Film industry

“Official Competition” review: There’s no mercy for the film industry’s madness in this sharp satire

Film critic

In “Official Competition”, Argentinian directors Gastón Duprat and Mariano Cohn, with their long-time collaborator, screenwriter Andrés Duprat, bring cinematic culture back to life in this tragicomic dissection of the way, or rather the ways, of artist. Legendary Spanish stars Penélope Cruz and Antonio Banderas team up with Duprat, Cohn and Argentine star Oscar Martínez to embody the different strains of pretentiousness that permeate the film industry and the combustion that occurs when the three are thrown into a situation together. high pressure.

This cinematic satire starts with money, of course. An aging pharmaceutical mogul, Humberto Suárez (José Luis Goméz) turns 80 and begins to reflect on his legacy, pondering what to put his name to. Not a building, not a bridge, but a movie, a good one. So he hires a critically acclaimed filmmaker and Palme d’Or winner, the eccentric Lola Cuevas (Cruz) and buys the rights to a Nobel Prize-winning novel called “Rivalry,” despite not knowing not both Lola’s work and the content of the book. Nonetheless, he sets her up in the empty building of his charitable foundation, a huge maze of brutal modern architecture, and whatever Lola wants, Lola gets.

What she wants is to associate a prestigious and respected actor and theater teacher, Iván Torres (Martínez), with one of the country’s biggest stars, Félix Rivero (Banderas), pitting them against each other in a free adaptation of the novel about a lifelong rivalry between two brothers. She has scheduled nine days of rehearsal behind closed doors, during which she subjects Iván and Félix to a series of increasingly absurd “exercises” intended to “transform” them, in hopes of shattering their egos. Lola’s ironic, artistic pretension clashes with Iván’s super-serious reverence for his craft and code of ethics, which then clashes with Félix’s diva-like behavior and demands. We don’t know who will emerge from this situation intact, but what a joy to see an extravagantly wigged Cruz torturing these two men, while the three bicker and manipulate while seeking a bit of artistic transcendence.

“Official Competition” makes a statement about the state of the film industry, with deep-pocketed investors looking for something that’s “the best” without having a clue what that actually means. Lola eliminates this notion, separating the notions of “quality” and “likeability”, especially when talking about her work. But she’s also an empathetic person, and despite her big personality, she feels deeply for her collaborators, despite, or perhaps because of, the intimate artistic roller coaster she’s built for them.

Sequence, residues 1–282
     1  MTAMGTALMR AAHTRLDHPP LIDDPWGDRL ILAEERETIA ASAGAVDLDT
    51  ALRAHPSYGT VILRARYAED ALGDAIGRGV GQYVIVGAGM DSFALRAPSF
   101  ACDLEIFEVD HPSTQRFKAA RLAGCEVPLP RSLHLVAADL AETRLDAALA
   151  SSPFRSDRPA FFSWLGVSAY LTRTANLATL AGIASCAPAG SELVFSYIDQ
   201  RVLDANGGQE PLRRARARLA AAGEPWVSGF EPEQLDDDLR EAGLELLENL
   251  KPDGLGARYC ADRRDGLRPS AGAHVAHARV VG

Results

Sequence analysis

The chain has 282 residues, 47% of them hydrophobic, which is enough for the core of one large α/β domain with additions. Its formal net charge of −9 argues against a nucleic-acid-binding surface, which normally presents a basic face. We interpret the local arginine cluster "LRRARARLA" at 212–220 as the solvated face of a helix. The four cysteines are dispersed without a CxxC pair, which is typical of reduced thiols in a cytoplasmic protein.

The building itself becomes a character in the film, captured in thoughtful compositions by cinematographer Arnau Valls Colomer. The filmmakers use depth of field beautifully – there’s a humor to how the characters have to walk through those cavernous empty spaces, or the shapes and combinations they’re placed in. More so, it’s almost as if space itself drives their madness, and it plays a key role in some of the film’s most dramatic turns.

The plot follows the meta-rivalry between the two men who jockey to be the best actor, but at the heart of the smart and sharp “official competition” is the question of what makes art “good”, as well as the futility of applying such a banal label to something that can be moving, transporting or stimulating. Ultimately, the movie argues that “the best” could be something quite soulless, even dangerous. This epiphany rocks Lola and should make audiences question the value of putting art and artists in competition with each other, a lesson to take to heart each year as awards season approaches. even if this one will probably be in contention, and perhaps even in competition.

“Official competition” ★★★½ (out of four)

With Penélope Cruz, Antonio Banderas, Oscar Martinez. Directed by Gaston Duprat and Mariano Cohn. 114 minutes. Rated R for language and some nudity. In Spanish, with subtitles. Opens July 1 at SIFF Cinema Egyptian.